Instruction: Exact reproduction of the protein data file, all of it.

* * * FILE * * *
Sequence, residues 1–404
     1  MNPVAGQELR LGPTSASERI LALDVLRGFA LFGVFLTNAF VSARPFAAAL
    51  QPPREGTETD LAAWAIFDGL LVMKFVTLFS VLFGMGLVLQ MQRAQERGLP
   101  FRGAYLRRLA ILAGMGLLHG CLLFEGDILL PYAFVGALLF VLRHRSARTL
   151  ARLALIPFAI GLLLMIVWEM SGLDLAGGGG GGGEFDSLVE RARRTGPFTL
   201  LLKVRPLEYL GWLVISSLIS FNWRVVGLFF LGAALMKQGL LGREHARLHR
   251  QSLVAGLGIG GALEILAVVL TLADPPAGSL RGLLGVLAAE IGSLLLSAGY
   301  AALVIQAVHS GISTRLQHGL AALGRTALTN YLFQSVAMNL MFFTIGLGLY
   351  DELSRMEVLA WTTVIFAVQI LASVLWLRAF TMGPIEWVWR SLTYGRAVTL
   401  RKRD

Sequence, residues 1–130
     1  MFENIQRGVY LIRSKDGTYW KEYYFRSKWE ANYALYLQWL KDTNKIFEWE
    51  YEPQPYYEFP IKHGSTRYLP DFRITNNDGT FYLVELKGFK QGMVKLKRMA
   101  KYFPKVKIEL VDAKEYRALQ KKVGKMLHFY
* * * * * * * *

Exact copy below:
Sequence, residues 1–404
     1  MNPVAGQELR LGPTSASERI LALDVLRGFA LFGVFLTNAF VSARPFAAAL
    51  QPPREGTETD LAAWAIFDGL LVMKFVTLFS VLFGMGLVLQ MQRAQERGLP
   101  FRGAYLRRLA ILAGMGLLHG CLLFEGDILL PYAFVGALLF VLRHRSARTL
   151  ARLALIPFAI GLLLMIVWEM SGLDLAGGGG GGGEFDSLVE RARRTGPFTL
   201  LLKVRPLEYL GWLVISSLIS FNWRVVGLFF LGAALMKQGL LGREHARLHR
   251  QSLVAGLGIG GALEILAVVL TLADPPAGSL RGLLGVLAAE IGSLLLSAGY
   301  AALVIQAVHS GISTRLQHGL AALGRTALTN YLFQSVAMNL MFFTIGLGLY
   351  DELSRMEVLA WTTVIFAVQI LASVLWLRAF TMGPIEWVWR SLTYGRAVTL
   401  RKRD

Sequence, residues 1–130
     1  MFENIQRGVY LIRSKDGTYW KEYYFRSKWE ANYALYLQWL KDTNKIFEWE
    51  YEPQPYYEFP IKHGSTRYLP DFRITNNDGT FYLVELKGFK QGMVKLKRMA
   101  KYFPKVKIEL VDAKEYRALQ KKVGKMLHFY